Summary: Today we examine the very beating heart of the US economy, where all the arteries converge — the jobs report. The picture it shows is clear, although most commentary obscures this beneath analysts’ hopes and fears. Also, the data warns that the US economy has changed in an important but ominous way.
“Unless you expect the unexpected you will never find truth, for it is hard to discover and hard to attain.”
— Heraclitus, the pre-Socratic “Weeping Philosopher” of Ionia
The bottom line
Here’s one version of the bottom line (at the end is a more accurate version) of the numbers in the January employment report: job growth continues at the same rate as during the past ten months. Not slowing, as some feared. No breakout, as some hoped.
The following graphs show the numbers on on a Year-over-Year basis, smoothing the lines but losing resolution of recent change. The numbers are too noisy and too revised to see the pattern otherwise.
Is this rate fast or slow? The monthly numbers don’t say, especially since population growth means that the same number of new jobs represents slower growth over time. Let’s look at job growth as a percent change. We see a slow — very slow — acceleration, perhaps even the start of a break-out: 2.3% YoY (2.1% YoY using the Household survey data, a second survey confirming the results). That’s fast, the fastest since May 2000 — at the peak of the tech bubble.
Here’s good news: the number of jobs is growing faster than the working age population!
Some not so good news
Wage growth is slowing. Profits high and growing plus a tightening labor market should produce rising wages for the average worker. It’s not happening, yet at least — although for several years we’ve been told that it’s going to happen real soon.
This is an important change, perhaps one of the most important structural changes of the past few decades. A strong recovery should bring strong wage growth. Corporations have learned how to break this relationship, what economists thought was a “law”. They’ve broken the unions, developed tacit (or even explicit) agreements to suppress wages, and many other means to shift money from wages to profits. See this example of these methods: firing your American workers, replacing them with cheap young foreign workers imported under H1-B visas. They’ve grown so powerful they no longer need to disguise these illegal actions.
Update: for a brief but powerful analysis showing why wage growth should be higher at this point in the cycle see Benn Zipperer at Equitable Growth: “U.S. wage growth remains sluggish despite employment gains.” Especially note the graph.
Where are the jobs?
The BLS Highlights gives the answer. Perhaps in the information sector (often described as our savior from automation)? Nope, the new jobs have all gone to machines.
What about mining? We hear doomsters talking about unemployment from the oil bust. Not a big deal; it’s a dot on the overall economy, job-wise.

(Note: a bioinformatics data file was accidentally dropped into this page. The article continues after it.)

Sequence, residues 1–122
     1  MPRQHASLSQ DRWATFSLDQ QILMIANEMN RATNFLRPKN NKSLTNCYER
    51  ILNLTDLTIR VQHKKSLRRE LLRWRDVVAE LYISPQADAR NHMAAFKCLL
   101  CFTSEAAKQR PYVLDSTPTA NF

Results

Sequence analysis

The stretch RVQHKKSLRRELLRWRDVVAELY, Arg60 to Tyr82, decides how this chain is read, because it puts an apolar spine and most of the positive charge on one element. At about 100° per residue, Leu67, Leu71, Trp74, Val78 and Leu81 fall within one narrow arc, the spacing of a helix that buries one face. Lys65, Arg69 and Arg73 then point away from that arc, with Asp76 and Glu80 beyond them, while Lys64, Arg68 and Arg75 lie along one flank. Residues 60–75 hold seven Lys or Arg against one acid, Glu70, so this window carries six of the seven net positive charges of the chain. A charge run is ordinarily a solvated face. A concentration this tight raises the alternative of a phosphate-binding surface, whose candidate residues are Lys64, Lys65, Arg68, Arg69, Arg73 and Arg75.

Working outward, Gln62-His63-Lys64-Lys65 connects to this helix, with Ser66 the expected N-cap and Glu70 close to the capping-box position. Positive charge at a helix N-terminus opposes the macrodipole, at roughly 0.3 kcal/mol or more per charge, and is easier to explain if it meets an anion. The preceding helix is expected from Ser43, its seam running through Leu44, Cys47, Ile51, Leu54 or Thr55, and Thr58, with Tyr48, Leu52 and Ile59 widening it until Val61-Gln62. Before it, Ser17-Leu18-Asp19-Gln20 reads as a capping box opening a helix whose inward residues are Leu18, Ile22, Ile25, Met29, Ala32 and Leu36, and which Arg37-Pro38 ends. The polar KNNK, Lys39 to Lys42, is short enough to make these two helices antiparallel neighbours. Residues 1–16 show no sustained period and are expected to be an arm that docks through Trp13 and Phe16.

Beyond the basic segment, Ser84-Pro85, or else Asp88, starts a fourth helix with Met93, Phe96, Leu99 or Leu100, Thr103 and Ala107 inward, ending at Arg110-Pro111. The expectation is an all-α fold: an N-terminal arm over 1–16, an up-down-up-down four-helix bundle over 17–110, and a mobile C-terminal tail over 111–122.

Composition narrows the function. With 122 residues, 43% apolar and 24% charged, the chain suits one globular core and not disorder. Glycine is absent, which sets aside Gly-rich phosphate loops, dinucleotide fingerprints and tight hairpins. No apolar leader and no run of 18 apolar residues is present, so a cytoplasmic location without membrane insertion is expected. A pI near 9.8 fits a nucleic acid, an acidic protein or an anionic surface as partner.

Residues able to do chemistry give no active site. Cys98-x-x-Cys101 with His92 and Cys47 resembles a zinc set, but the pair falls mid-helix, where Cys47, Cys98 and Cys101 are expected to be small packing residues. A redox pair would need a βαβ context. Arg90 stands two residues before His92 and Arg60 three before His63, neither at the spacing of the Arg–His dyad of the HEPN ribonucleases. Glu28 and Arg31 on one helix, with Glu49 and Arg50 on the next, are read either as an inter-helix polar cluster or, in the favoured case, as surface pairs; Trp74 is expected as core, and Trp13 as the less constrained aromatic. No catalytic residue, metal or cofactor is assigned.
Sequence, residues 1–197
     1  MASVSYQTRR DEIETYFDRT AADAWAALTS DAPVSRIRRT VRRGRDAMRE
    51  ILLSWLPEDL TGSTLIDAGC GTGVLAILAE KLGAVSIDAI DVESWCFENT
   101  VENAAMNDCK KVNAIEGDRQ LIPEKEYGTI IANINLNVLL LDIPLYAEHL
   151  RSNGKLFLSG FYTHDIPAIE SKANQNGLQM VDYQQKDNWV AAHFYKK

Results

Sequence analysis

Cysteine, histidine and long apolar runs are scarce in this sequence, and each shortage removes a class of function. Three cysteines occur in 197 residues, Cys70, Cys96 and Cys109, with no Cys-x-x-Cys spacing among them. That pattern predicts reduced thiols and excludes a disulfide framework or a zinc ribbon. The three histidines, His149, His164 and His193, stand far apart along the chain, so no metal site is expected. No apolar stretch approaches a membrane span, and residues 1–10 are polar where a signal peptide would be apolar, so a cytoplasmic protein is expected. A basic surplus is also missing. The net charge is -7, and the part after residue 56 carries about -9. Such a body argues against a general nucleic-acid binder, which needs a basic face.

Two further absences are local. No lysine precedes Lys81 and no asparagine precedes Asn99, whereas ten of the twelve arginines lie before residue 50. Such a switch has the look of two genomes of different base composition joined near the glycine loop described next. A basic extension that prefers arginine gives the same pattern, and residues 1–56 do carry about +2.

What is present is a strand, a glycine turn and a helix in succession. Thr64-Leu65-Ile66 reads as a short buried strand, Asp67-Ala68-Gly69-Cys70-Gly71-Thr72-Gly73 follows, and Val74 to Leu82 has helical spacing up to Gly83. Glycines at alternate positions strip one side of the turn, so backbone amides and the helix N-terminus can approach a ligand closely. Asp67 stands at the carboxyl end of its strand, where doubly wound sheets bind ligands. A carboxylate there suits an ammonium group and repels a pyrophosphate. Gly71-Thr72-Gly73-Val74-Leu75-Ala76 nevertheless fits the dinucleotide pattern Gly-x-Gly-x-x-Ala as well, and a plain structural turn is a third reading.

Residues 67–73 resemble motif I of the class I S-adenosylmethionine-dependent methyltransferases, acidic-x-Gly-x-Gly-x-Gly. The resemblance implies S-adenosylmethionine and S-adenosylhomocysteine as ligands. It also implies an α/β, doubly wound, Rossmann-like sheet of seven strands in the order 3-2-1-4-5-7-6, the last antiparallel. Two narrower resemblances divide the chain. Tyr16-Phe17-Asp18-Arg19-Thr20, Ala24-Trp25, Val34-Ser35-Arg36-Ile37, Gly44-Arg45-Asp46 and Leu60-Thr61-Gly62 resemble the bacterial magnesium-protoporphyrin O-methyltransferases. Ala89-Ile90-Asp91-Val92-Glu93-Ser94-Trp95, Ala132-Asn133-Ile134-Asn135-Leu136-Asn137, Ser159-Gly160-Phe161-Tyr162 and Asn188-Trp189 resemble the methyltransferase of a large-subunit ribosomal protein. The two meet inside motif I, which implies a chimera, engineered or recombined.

Where is the job growth? Every month it’s the same: business services, retail, education & health, leisure & hospitality. As many have said, most of these are not the sectors we want the fastest growth in.
I’m surprised by the continued growth in retail. The shift to online plus slow growth in wages should (guessing) give this sector at best slow growth. We love to shop, even if we can’t afford to.
How do we make sense of this numbers blizzard?
To help us the Fed produces a Labor Market Conditions Index, using a model fed by 19 indicators. It paints a picture of job conditions consistent with the slow growth of most economic indicators since Summer 2012. Like most indicators it shows no acceleration. No signs of the coming boom predicted by so many during the past 3 years.
It’s a “bottom line” consistent with the simpler version given at the start of this post, so we can have confidence in its accuracy. Data as of December 2014.
For More Information
(a) See all posts about economics. Especially see this: Dreams of a boom fade & attention turns to secular stagnation.
(b) Recent posts about this economic cycle:
- Are we following Japan into an era of slow growth, even stagnation?, 18 November 2013
- Has the Fed blown another housing bubble?, 30 January 2014
- Has America’s economy entered the “coffin corner”?, 10 July 2014
- Economists forecast a boom soon. The numbers show slowing. Who is right?, 21 July 2014
- See the true trend of the US economy, hidden in the daily news, 1 August 2014
- It’s not too soon to worry about the US economy. There are things worse than slow growth., 18 September 2014
- Listen to the slowing US economy, hear echoes of Japan, 24 September 2014
- 3 graphs tell the story about the US economy, hidden amidst the noise of the jobs report, 6 October 2014
- Look at the economy. Fight the illusion of normality. Feel the weirdness., 8 October 2014